Body Styles, Trim Levels, and Options
The 2013 BMW X6 M is a performance-oriented version of the BMW X6. Four seats are standard, but a rear middle seat is an option.
Standard equipment includes 20-inch wheels, performance tires, adaptive dampers, active stabilizer bars, a self-leveling rear air suspension, bi-xenon headlights (automatic, adaptive and auto-leveling), automatic wipers, auto-dimming and power-folding mirrors, a power liftgate, front and rear parking sensors, rear privacy glass and a sunroof. Inside you get cruise control, dual-zone automatic climate control, heated 14-way power front seats with adjustable bolsters and lumbar, leather upholstery, the BMW iDrive electronics interface, Bluetooth phone connectivity, a navigation system, real-time traffic, voice controls and a 16-speaker sound system with a CD player, HD radio, an auxiliary audio jack and an iPod/USB audio interface.
The Cold Weather package adds heated rear seats and a heated steering wheel. The Active Ventilated Seat package adds ventilation and massage functionality to the front seats. The Rear Climate package gets four-zone automatic climate control and manual rear side sunshades. The Driver Assistance package adds a head-up display (available separately), rear- and top-view parking cameras and automatic high beams. The Premium Sound package gets satellite radio (available separately) and an upgraded 16-speaker sound system.
Stand-alone options include keyless ignition/entry, automatic soft-close doors, a sideview parking camera, LED headlights, extended interior leather trim, a rear-seat entertainment system, a six-CD/DVD changer and the BMW Apps suite of iPhone integration features.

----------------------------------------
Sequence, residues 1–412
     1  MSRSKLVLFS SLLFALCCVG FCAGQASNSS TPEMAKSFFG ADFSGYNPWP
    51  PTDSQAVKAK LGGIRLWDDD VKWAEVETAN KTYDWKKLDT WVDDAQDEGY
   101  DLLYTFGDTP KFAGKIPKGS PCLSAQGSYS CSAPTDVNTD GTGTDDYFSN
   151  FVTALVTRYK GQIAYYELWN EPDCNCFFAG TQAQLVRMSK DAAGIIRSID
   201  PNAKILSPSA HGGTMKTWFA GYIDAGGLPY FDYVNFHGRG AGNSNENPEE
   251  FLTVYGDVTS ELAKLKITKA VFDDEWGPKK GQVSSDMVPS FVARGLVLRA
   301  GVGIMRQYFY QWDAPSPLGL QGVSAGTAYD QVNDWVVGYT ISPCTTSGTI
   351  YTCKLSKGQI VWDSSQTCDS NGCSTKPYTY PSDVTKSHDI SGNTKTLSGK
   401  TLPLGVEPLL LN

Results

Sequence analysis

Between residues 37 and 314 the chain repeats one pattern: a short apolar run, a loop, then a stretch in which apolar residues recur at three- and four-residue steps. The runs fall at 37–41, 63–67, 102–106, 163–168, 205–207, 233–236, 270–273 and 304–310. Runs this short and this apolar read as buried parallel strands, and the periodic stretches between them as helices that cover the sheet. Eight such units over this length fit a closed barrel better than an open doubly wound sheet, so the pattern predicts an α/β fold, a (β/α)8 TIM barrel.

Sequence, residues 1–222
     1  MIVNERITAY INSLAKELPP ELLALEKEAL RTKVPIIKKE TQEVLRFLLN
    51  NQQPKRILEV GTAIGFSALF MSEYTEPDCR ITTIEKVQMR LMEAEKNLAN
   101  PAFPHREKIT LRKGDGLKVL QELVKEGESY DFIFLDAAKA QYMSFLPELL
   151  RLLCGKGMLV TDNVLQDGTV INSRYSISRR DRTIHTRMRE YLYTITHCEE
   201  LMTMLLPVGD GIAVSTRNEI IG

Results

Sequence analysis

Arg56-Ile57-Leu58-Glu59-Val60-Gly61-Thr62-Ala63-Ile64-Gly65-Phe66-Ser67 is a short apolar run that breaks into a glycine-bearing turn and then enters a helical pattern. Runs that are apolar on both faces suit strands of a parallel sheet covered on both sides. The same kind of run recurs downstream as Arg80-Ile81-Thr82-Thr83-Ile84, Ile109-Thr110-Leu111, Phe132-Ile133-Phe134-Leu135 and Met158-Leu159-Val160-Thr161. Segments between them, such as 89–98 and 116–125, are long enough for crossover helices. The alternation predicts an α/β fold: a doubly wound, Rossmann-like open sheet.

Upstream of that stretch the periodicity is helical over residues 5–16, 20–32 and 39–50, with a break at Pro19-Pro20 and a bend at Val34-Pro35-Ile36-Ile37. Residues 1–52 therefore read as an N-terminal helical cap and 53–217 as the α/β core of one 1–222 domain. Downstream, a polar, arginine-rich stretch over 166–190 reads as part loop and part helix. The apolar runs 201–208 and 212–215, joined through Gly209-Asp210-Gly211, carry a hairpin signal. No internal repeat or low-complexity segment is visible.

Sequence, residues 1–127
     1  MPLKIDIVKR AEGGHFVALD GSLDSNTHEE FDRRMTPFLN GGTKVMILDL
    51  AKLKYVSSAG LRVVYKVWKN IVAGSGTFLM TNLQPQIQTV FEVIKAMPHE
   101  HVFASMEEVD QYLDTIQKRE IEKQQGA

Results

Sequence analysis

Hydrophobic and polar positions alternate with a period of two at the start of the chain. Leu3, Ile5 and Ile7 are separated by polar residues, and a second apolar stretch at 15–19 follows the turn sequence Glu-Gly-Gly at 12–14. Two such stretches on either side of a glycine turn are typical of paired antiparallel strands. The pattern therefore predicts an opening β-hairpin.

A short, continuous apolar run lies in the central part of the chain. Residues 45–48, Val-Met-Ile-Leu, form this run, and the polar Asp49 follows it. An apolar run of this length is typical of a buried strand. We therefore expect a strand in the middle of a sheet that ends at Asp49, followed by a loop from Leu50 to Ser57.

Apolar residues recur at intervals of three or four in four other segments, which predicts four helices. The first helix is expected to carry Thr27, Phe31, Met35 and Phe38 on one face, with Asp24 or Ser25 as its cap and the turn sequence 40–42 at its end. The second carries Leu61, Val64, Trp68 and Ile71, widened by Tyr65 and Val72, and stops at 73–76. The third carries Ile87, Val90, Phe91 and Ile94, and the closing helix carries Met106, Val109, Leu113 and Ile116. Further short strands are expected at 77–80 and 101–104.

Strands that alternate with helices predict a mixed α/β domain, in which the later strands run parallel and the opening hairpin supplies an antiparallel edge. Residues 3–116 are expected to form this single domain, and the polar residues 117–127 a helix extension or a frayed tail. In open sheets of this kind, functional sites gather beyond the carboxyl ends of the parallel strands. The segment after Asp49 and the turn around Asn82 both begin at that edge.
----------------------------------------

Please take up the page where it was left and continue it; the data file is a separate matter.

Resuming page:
Powertrains and Performance
The 2013 BMW X6 M is powered by a twin-turbo 4.4-liter V8 good for 555 hp and 500 pound-feet of torque. A six-speed automatic transmission and all-wheel drive are standard.
In Edmunds performance testing, the BMW X6 M reached 60 mph from a standstill in just 4.3 seconds. This makes it not only the quickest SUV we've ever tested but also quicker than many dedicated sports cars. The BMW X6 M can also tow 6,600 pounds.
The trade-off for so much performance is fuel economy -- the X6 M has EPA-estimated fuel economy ratings of 12 mpg city/17 mpg highway and 14 mpg combined.
Every 2013 BMW X6 M comes standard with traction and stability control, antilock brakes, automatic brake drying, front side airbags, side curtain airbags and adaptive brake lights. The latter flash the taillights under sudden extreme braking as a warning to trailing motorists. Also standard is the BMW Assist emergency communications system, which provides automatic crash notification, stolen vehicle recovery and on-demand roadside assistance.